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The rose image: detail of ‘The virgin of the unfading rose,’ eighteen century.

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… symbolic understanding …

The star that guides us is not meant to be reached concretely, or, as Hazrat Inayat Khan expressed it:

‘The ideal is the means – its breaking is the goal.’

Aged twenty-seven it struck me that I was not my own person, but a clone of my first gods, my parents. I realised I was not special. I was like everyone else, a slave to habits formed in my early environment, which I then unconsciously ritualised. The shocking insight put an end to my pretending I was a foundling (my joke at the time.) For better or worse I had to reconcile myself to my given mould, accept my parents’ imperfections, and my own.

Having reached an impasse re: a series of romantic relationships that bruised my heart, I was disillusioned. My ideal of love had lost its meaning and I yearned for a new horizon.

Fortunately I met a mentor who re-framed conflict for me, because in my flight towards spirituality I had come to avoid conflict like a plague. The trouble with rejecting conflicting thoughts and feelings is that we create taboo boxes in our psyche, boxes where we hide stuff we don’t want to think and feel. The accumulated rejects trip us up and actually energise conflict around us. Childish feelings may pop up to embarrass us where they don’t fit circumstances. Best welcome them, unless you want to fuel the addiction to war.

Driven by unconscious refrains our lives unfold from crisis to impasse to transcendence – like a drama with all its obligatory heroes and villains. Ignoring our inner conflicts and projecting them onto others and the world at large serves a purpose – in that it (hopefully) makes us aware that the way we go about fulfilling our needs is not particularly elegant, and has a price. The price is awareness, which can be painful, but it brings choice. Feelings that ‘have us’ don’t ‘have to’ be acted out, they can be expressed symbolically – one way is through writing things off one’s chest and releasing the outpour to the elements. Tear up and bury your unsavoury confessions, drown them in a river, or burn them. Release all association, free and purify the energy.

What is hidden from consciousness nevertheless affects us deeply.  In an archetypal sense, for example, a person who identifies with the masculine principle (animus) will be drawn to a person who identifies with the feminine principle (anima.) I don’t use the terms man and woman because physical gender does not necessarily equal psychological identification.

Generally, the hidden gender is actualised by the way the opposite principles are experienced through a parent.  Behind the attraction towards opposites is a desire for wholeness, a need to integrate our unrealised nature. This growth happens through relationships.

Plato put it like this …

… the dry desires the moist, the cold the hot, the bitter the sweet, the sharp the blunt, the void the full, the full the void, and of all other things; for the opposite is the food of the opposite, whereas like receives nothing from like …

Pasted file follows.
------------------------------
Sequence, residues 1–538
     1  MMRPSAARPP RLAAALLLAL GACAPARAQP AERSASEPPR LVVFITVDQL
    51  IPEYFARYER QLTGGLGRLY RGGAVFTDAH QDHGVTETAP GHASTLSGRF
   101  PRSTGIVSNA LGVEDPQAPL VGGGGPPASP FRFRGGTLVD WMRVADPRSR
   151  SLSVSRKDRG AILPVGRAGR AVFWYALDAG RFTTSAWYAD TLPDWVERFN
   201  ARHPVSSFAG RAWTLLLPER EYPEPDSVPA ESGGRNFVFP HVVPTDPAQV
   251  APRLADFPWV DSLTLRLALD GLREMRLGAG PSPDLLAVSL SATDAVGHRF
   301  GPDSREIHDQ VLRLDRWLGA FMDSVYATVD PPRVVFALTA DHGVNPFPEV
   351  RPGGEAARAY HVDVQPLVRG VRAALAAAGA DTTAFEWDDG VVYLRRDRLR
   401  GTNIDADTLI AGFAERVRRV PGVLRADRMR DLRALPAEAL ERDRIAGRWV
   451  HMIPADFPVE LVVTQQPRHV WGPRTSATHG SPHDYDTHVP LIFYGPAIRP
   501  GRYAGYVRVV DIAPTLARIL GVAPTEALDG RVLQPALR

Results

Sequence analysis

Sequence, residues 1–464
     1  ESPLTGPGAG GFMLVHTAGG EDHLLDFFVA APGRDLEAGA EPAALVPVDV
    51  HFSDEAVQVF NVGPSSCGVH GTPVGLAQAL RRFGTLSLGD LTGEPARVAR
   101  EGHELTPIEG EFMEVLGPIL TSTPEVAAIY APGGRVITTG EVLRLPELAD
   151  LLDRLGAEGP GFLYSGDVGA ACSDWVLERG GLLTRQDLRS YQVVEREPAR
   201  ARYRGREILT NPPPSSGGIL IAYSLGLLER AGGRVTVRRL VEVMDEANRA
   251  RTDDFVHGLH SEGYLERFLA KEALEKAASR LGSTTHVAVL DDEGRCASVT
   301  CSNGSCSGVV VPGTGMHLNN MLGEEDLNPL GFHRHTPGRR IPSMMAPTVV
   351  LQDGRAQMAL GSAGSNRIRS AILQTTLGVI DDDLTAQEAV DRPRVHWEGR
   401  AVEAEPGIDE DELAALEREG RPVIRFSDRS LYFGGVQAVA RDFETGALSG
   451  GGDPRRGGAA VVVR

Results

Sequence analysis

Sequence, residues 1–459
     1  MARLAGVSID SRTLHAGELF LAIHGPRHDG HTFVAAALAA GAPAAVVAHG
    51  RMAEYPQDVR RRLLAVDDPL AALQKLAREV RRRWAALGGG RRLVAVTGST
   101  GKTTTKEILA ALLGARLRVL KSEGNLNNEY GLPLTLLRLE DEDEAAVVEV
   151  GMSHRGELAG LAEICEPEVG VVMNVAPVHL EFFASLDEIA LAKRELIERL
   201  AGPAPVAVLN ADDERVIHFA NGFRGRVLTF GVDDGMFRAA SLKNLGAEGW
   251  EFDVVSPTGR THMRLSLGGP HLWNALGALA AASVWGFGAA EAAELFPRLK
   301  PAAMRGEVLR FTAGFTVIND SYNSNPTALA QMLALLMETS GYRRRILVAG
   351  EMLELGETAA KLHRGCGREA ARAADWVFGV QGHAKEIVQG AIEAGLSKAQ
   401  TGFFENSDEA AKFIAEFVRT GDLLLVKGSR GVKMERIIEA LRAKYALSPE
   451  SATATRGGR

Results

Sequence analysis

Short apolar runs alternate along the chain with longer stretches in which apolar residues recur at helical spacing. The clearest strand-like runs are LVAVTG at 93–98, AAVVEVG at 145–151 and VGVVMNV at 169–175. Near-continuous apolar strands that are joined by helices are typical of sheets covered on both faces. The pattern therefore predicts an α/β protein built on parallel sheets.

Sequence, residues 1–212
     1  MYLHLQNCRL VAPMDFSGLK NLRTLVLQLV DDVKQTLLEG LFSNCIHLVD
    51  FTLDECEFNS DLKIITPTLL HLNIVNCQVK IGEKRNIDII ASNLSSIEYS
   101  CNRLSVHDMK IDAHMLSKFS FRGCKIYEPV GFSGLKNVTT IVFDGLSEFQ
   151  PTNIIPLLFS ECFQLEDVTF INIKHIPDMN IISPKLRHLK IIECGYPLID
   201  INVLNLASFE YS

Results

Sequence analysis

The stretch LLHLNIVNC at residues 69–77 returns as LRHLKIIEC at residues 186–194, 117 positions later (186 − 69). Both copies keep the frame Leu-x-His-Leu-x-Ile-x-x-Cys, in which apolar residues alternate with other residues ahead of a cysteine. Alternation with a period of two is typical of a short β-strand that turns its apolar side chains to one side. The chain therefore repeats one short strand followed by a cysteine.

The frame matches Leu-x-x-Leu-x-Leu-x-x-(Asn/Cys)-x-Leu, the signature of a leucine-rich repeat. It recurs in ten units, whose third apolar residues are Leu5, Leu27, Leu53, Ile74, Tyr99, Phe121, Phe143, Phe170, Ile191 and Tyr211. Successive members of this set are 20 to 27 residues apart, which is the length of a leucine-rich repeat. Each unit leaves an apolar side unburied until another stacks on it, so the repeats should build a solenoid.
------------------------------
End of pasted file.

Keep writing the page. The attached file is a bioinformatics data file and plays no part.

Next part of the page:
Plato also emphasised that wholeness does not equal goodness.

As an example: too much goodness in a parent can make a child fearful of negative emotions and constellate a demand for goodness impossible to live up to. If human frailty is lacking in a father or mother, that is, if they are too perfect – or absent – then the expectations father or mother figures are invested with throughout one’s life become inflated, difficult to achieve, and no actual person can satisfy such expectation.

I’m not a practicing Christian, but I appreciate the powerful symbolic significance of the cross. The story of Jesus shows us that in the process of becoming human we are stretched between earth and heaven, matter and spirit, crucified by the dichotomy. Conflict has meaning if we allow it into consciousness. The challenge is to endure opposing forces, identify with neither good nor bad, but instead suffer the deadlock of contradiction, be crucified, because – there are conflicts we cannot resolve.

Yet by accepting what is we invite grace. We ready ourselves to be initiated into a reconciling symbolic experience of transcendence that is personally meaningful to us. The reconciling symbol cannot be grasped. It will emerge from the unconscious in its own time, through an event, or through a dream – if we can be receptive and master humility and the patience.

Symbol, a definition …. Taken from ‘The Creative Imagination in the Sufism of Ibn ‘Arabi’ by Henry Corbin, translated by Ralph Manheim, Bollingen Series XCI, Princeton University

The symbol announces a plane of consciousness distinct from that of rational evidence; it is a ‘cipher’ of a mystery, the only means of expressing something that cannot be apprehended in any other way; a symbol is never ‘explained’ once and for all, but must be deciphered over and over again, just as a musical score is never deciphered once and for all, but calls for ever new execution.